Preferably, the catalyst is in the form of a salt, with the transition metal selected from the first, second or third transition series of the Periodic Table. Suitable metals and their oxidation states include, but are not limited to, manganese II or III, iron II or III, cobalt II or III, nickel II or III, copper I or II, rhodium II, III or IV, and ruthenium. The oxidation state of the metal when introduced need not necessarily be that of the active form. The metal is preferably iron, nickel, manganese, cobalt or copper; more preferably manganese or cobalt; and most preferably cobalt. Suitable counterions for the metal include, but are not limited to, chloride, acetate, stearate, palmitate, 2-ethylhexanoate, neodecanoate or naphthenate. Preferably, the salt, the transition metal, and the counterion are either on the U.S. Food and Drug Administration GRAS (generally regarded as safe) list, or exhibit substantially no migration from the packaging article to the product (i.e. less than about 500 ppb, preferably less than about 50 ppb, in the product). Particularly preferable salts include cobalt 2-ethylhexanoate, cobalt oleate, cobalt stearate, and cobalt neodecanoate. The metal salt may also be an ionomer, in which case a polymeric counterion is employed. Such ionomers are well known in the art.
Typically, the amount of transition metal catalyst may range from 0.001 to 1% (10 to 10,000 ppm) of the oxygen scavenging layer, based on the metal content only (excluding ligands, counterions, etc.). The transition metal catalyst can be formed in the oxygen scavenging layer or in a layer adjacent to the oxygen scavenging layer. In the event the transition metal catalyst is formed in the oxygen scavenging layer and the amount of transition metal catalyst is less than 1%, it follows that the oxygen scavenging polymer, the peroxide (if formed in the oxygen scavenging layer), and any structural polymer or additives, will comprise substantially all of the oxygen scavenging layer, i.e. more than 99% as indicated above for the oxygen scavenging polymer.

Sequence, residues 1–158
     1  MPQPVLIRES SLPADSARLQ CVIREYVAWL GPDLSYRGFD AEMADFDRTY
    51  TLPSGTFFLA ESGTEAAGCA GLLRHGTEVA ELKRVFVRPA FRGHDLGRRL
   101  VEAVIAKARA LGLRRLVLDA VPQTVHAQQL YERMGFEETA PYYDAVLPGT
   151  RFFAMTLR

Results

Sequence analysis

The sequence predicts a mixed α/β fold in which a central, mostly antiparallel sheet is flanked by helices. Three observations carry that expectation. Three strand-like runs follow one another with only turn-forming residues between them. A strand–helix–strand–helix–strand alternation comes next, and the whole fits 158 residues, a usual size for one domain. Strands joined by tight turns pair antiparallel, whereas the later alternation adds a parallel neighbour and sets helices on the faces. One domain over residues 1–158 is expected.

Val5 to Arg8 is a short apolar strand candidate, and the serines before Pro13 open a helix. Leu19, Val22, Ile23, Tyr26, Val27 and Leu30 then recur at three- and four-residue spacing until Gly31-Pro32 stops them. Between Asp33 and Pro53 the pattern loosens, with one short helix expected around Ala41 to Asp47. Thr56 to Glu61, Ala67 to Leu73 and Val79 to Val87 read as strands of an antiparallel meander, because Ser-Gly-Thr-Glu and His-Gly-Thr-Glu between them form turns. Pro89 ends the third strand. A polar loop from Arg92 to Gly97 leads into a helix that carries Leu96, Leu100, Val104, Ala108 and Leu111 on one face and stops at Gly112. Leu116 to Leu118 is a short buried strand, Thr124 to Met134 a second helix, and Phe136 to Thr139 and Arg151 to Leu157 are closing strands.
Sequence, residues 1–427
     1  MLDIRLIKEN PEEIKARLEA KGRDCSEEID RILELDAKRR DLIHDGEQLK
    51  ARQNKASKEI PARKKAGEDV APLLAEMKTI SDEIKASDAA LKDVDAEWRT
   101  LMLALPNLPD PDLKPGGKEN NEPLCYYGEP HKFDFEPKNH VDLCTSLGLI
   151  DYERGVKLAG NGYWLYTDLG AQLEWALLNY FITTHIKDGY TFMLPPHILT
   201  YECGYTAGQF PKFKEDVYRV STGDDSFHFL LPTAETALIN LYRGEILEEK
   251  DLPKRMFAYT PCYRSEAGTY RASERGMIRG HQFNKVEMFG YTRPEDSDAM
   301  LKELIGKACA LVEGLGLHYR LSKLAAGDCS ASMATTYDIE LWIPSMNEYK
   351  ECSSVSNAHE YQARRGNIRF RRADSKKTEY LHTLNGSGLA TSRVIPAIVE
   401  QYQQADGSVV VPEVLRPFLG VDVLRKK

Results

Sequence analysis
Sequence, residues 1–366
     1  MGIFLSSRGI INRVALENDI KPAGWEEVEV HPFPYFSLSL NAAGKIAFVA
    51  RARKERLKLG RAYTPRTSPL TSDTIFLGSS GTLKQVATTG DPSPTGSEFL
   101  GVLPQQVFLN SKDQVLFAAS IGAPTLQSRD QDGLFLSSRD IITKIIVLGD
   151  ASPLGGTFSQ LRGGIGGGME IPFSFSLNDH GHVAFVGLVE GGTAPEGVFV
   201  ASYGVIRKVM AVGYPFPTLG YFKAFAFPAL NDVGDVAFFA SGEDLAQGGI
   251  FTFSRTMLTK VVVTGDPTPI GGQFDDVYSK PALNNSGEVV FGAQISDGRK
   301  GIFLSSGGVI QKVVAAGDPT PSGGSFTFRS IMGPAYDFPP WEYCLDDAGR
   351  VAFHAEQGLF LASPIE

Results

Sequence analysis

Antioxidants may be used with this invention to provide shelf-life stability or process stability, or to control scavenging initiation. An antioxidant as defined herein is a material which inhibits oxidative degradation or cross-linking of polymers. Typically, antioxidants are added to facilitate the processing of polymeric materials or prolong their useful lifetime. In relation to this invention, such additives prolong the induction period for oxygen scavenging. When it is desired to commence oxygen scavenging by a packaging article comprising the oxygen scavenging layer, the packaging article can be exposed to heat or UV.
Antioxidants such as 2,6-di(t-butyl)-4-methylphenol(BHT), 2,2′-methylene-bis(6-t-butyl-p-cresol), triphenylphosphite, tris-(nonylphenyl)phosphite and dilaurylthiodipropionate are suitable for use in the oxygen scavenging composition or layer of this invention.
The amount of an antioxidant which may be present may also have an effect on oxygen scavenging. As mentioned earlier, such materials are usually present in oxygen scavenging polymers or structural polymers to prevent oxidation or gelation of the polymers. Typically, they are present in about 0.01 to 1% by weight of the oxygen scavenging layer.
The composition can, preferably, comprise a photoinitiator. If use of a photoinitiator is desired, appropriate photoinitiators include benzophenone derivatives containing at least two benzophenone moieties, as described in copending U.S. patent application Ser. No. 08/857,325, filed May 16, 1997. These compounds act as effective photoinitiators to initiate oxygen scavenging activity in oxygen scavenging compositions. Because of their large size and low solubility, such benzophenone derivatives have a very low degree of extraction from oxygen scavenging compositions, which may lead to reduced contamination of a packaged product by extracted photoinitiator.